In 1991, the Soviet Union collapsed into fifteen separate countries to the amazement of the world. Most major Russian companies came into the hands of private investors who got incredibly rich and powerful afterward, whilst one of the crown jewels of the Kremlin’s strategic arsenal was to be sold by a group of American and Russian investors: the family of missiles designed for launch from a submarine.
The powerful rockets named “Calm” and “Ripple,” could be rolled right out of a ship and then fired out of the water. Countries all over the world wanted to acquire these weapons. The US partners wanting to set up the joint-venture with the Russian company called Makeyev that developed it, quickly stumbled on a series of legal setbacks, forbidding them to sell Russian armament to third world countries, so the Russians went at it alone.
They quickly found a new partner interested in the technology and willing to pay top dollar for it: North Korea.
Having seen the recent North Korean missile launches, Mr David Wright, a missiles expert at the Union of Concerned Scientists, said: “The question that has long been raised is: Did North Korea get this technology from a Russian fire sale?”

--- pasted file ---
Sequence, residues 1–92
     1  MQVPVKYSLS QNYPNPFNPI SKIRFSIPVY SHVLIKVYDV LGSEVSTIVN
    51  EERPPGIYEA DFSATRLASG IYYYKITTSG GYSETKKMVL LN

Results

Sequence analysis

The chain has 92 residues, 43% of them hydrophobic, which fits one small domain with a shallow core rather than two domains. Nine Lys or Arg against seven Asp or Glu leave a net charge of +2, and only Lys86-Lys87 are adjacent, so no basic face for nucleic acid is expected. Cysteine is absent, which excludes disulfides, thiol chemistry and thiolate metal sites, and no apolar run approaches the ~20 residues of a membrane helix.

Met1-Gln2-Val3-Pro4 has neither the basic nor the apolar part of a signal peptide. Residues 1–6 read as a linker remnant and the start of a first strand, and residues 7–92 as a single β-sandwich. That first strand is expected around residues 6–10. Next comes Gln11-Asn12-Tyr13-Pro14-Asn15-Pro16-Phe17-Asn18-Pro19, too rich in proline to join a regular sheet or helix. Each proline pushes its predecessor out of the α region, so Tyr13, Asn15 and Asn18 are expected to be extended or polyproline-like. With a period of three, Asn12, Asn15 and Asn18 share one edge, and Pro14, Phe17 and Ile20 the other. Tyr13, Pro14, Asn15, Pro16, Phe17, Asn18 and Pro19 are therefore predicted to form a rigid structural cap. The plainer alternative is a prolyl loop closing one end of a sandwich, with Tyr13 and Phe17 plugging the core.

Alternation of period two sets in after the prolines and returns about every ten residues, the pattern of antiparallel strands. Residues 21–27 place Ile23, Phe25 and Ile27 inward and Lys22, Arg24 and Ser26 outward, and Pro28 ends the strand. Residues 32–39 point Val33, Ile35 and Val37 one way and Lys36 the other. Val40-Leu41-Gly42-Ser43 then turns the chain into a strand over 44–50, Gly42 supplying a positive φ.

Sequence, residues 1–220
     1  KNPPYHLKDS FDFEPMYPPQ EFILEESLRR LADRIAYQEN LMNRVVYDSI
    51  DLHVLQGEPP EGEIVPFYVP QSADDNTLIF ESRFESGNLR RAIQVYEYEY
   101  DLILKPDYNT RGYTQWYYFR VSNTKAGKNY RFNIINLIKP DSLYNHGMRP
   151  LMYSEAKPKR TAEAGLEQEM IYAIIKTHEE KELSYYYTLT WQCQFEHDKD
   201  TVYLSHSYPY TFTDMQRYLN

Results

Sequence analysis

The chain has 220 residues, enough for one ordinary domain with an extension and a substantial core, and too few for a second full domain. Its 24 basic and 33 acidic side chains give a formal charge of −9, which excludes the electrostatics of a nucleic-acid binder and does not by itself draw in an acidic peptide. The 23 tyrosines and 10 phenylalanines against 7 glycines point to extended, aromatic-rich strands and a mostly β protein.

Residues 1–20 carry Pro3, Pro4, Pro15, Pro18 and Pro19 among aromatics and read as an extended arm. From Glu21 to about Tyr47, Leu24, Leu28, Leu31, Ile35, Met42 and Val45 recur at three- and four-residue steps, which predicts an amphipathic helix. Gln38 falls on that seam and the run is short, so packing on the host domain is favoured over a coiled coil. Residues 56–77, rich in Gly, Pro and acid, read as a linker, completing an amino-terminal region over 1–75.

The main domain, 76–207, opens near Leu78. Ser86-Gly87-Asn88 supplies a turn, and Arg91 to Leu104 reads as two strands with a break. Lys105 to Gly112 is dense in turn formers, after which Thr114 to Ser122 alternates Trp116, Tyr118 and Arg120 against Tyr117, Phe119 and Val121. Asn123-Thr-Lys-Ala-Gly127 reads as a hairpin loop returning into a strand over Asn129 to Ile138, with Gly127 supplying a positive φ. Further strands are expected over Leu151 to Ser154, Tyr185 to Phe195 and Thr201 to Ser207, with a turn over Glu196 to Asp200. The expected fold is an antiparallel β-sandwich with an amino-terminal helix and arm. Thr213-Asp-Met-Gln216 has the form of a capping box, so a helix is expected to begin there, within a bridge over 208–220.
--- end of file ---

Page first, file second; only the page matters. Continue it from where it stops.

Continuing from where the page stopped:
“Did they get plans years ago and are just now at the point where they can build these things?”
The Russian Makeyev Rocket Design Bureau operating in the Soviet Union in the 1990s was presenting top-of-the-line missiles able to deliver nuclear warheads. They even had marketing pamphlets for any African or Middle Eastern dictator wanting to expand his arsenal. Some of those designs look quite similar to what the regime of Kim Jung-Un has been shooting recently.
Patiently waiting for its turn to come, North Korea is now in a position to capitalize on the technology it acquired from the Russians, Mr Wright claims.
“North Korea was just recently able to acquire machine tools that were state-of-the-art in the 1990s, meaning they are still damn good machine tools.”
“Once you have the plans, and are able to get your hands on the materials and the right kinds of tools, you have a real leg up.”
According to US military analysts, the most striking similarity between the Russian and North Korean design can be seen if one compares the Hwasong-10, or Musudan, the missile successfully tested by North Korea in June 2016 which uses the same engine and design features as the Soviet Union’s R-27 Zyb, which was a submarine-launched ballistic missile designed by the Makeyev scientists operating in the 1990s.